The committee’s hard work resulted in House Bill 962, which would create the position of Kinship Care Enforcement Administrator within the Department of Human Services. This position would monitor, facilitate, and ensure compliance with all federal and state laws related to programs available to kinship caregivers or the children in their care. There is no doubt that kinship caregivers play a vital role in the lives of Georgia children and this bill will help address their needs while providing adequate resources to assist with their kinship care.

House Bills of Interest

 
Please see below additional bills that passed the House and are now in the Senate for further review:
  • HB 579- Would allow farmers, as well as their family members and employees, to drive farm vehicles on any road in order to transport livestock or farm equipment, as long as the municipality or county do not deem this to be dangerous.
  • HB 763- Would extend the exemption from state sales taxes on food and ingredients going to a qualified food bank until June 30, 2021.
  • HB 777- Would allow school bus drivers to use cell phones in a similar manner as a two-way radio.
  • HB 859- Would allow the concealed carry of handguns on college campuses by adult permit holders, excluding sporting events and student housing.

Capitol Happenings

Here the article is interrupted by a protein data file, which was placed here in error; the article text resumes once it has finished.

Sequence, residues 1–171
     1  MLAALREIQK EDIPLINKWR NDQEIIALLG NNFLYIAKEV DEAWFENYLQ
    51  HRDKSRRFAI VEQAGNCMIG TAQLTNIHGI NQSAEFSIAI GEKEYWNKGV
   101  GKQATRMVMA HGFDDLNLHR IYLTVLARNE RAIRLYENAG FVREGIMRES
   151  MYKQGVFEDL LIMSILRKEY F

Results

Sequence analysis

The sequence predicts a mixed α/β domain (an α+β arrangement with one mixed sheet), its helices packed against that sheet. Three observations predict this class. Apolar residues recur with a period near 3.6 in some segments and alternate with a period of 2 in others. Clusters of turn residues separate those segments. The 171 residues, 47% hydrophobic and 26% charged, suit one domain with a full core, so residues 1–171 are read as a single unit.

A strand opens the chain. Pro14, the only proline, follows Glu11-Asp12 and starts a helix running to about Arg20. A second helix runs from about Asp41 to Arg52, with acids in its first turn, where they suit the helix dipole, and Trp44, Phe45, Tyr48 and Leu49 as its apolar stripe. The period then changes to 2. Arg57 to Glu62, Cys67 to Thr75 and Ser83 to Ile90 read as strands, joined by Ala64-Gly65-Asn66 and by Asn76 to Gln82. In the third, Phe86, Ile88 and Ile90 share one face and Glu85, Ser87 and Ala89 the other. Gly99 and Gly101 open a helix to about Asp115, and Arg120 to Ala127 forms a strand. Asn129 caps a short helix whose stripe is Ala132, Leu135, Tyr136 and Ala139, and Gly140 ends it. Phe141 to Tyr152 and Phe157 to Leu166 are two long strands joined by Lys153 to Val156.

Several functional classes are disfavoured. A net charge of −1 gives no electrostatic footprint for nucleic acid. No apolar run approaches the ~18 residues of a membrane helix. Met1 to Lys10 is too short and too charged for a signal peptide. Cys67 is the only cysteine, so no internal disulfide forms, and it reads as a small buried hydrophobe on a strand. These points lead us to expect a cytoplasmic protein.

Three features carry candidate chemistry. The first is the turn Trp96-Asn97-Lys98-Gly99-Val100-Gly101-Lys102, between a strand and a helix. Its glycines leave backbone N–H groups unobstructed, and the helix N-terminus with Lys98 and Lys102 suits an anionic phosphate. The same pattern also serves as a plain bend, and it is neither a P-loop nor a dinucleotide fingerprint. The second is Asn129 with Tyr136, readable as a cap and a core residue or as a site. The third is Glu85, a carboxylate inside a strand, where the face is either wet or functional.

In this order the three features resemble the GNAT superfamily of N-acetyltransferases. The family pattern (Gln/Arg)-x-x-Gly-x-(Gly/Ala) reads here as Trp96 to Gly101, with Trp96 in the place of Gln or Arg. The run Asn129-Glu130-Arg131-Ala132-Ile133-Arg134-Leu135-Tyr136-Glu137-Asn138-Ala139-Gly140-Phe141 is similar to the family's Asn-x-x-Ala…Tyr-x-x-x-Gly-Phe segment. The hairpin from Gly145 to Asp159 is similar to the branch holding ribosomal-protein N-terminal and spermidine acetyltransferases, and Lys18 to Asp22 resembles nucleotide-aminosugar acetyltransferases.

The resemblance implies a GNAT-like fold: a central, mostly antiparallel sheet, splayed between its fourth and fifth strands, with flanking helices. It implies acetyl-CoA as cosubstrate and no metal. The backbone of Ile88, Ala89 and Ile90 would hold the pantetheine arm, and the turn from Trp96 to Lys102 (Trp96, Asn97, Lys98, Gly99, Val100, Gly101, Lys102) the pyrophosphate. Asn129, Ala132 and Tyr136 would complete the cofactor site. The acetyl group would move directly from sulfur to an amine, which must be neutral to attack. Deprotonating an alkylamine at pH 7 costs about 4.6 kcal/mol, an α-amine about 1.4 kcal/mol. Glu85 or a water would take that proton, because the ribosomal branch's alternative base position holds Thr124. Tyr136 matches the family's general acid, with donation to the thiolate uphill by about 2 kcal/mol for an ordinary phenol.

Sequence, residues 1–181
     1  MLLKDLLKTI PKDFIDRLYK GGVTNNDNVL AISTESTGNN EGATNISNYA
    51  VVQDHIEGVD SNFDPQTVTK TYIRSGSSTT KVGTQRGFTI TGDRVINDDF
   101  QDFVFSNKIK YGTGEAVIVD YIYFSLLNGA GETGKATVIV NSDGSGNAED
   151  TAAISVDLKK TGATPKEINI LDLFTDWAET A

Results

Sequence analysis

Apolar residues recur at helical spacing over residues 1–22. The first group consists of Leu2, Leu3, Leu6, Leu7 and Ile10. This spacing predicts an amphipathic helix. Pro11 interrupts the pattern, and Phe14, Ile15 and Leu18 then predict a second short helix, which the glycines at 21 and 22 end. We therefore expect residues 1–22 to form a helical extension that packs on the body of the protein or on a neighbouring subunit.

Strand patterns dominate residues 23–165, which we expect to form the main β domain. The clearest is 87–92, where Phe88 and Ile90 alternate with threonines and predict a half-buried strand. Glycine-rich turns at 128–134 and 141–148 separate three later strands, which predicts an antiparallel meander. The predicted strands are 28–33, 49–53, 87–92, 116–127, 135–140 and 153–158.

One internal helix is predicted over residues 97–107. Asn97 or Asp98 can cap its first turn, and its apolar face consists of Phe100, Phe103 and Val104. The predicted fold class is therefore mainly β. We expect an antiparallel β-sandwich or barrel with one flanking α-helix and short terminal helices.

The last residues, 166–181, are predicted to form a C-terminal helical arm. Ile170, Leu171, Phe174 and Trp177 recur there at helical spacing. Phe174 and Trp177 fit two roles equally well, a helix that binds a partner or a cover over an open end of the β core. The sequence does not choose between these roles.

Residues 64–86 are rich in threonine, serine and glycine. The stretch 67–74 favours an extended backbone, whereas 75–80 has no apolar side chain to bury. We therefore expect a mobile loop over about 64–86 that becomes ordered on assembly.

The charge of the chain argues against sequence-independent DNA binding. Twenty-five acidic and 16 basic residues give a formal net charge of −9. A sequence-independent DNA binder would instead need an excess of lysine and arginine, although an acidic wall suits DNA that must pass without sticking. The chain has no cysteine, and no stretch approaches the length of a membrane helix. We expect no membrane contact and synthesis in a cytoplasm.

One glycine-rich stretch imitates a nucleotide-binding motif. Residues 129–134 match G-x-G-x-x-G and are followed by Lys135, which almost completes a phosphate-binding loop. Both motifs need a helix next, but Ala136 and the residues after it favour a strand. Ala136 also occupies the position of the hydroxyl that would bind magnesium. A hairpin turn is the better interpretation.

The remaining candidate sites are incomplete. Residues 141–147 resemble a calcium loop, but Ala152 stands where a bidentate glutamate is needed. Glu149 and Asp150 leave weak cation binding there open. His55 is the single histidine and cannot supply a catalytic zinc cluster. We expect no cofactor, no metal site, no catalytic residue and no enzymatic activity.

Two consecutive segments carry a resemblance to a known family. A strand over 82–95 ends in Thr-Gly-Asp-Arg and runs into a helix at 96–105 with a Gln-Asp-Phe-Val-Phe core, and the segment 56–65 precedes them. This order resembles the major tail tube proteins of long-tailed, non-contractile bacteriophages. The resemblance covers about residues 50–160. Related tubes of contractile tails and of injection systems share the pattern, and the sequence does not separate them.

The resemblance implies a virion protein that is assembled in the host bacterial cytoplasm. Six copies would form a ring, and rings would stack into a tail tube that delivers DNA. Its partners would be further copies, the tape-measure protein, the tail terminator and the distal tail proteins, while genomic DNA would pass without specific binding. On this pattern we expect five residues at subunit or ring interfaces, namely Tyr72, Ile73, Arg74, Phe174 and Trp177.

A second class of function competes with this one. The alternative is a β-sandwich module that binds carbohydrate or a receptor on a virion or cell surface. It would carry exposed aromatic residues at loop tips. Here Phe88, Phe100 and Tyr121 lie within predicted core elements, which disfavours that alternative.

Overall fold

Capitol Hill was buzzing this week as we welcomed a number of distinguished guests to the House Chamber. Presidential hopefuls, Governor John Kasich (R-Ohio) and Secretary of State, Hillary Clinton (D-New York) stopped by to say hello. We were also excited to see Bainbridge native, Kirby Smart, the new Coach for the University of Georgia. 

Sadly, we unexpectedly lost our friend and House Colleague, Representative Bob Bryant. Bob was a loving husband, father, grandfather, veteran, and servant leader. Thursday morning, we held a special series of morning orders to honor Bob’s life and his legacy. House Speaker David Ralston noted, “he served the way he lived with a kind and gentle spirit. When he left us early today, he took part of the best that we have here.” 
Representative Jan Tankersley and House colleagues honored Clark Howard with House Resolution 1214 to acknowledge his successful efforts to ensure that all foster children in Georgia have gifts for Christmas.  Well deserved honor.
Representative Jan Tankersley and Speaker David Ralston welcome Page for the Day, Lauren Akers from Statesboro, Georgia. 
Representative Jan Tankersley welcomes the
Ogeechee River Medical Society to Capitol Hill. 

Pictured (L-R):
Dr. Scott Bohlke, Dr. Suketu Patel, Dr. Ranni Reddy, Dr. Michelle Zeanah
 Representatives Dave Belton, Andy Welch, Penny Houston, Jan Tankersley, Tom Dickson and Barbara Sims catch up in the Capitol Rotunda. 
Representative Jan Tankerlsey addresses fellow House members from the well. 

The countdown towards Sine Die, Day 40, in underway. As we move through the last days of the 2016 session, I will keep you informed on issues important to Georgia citizens. Please feel free to contact me anytime with questions or concerns regarding legislation. Thank you for allowing me to serve as your voice under the Gold Dome. It is an honor and pleasure to work on your behalf.  
 
Jan Tankersley
Representative of the 160th
Georgia House of Representatives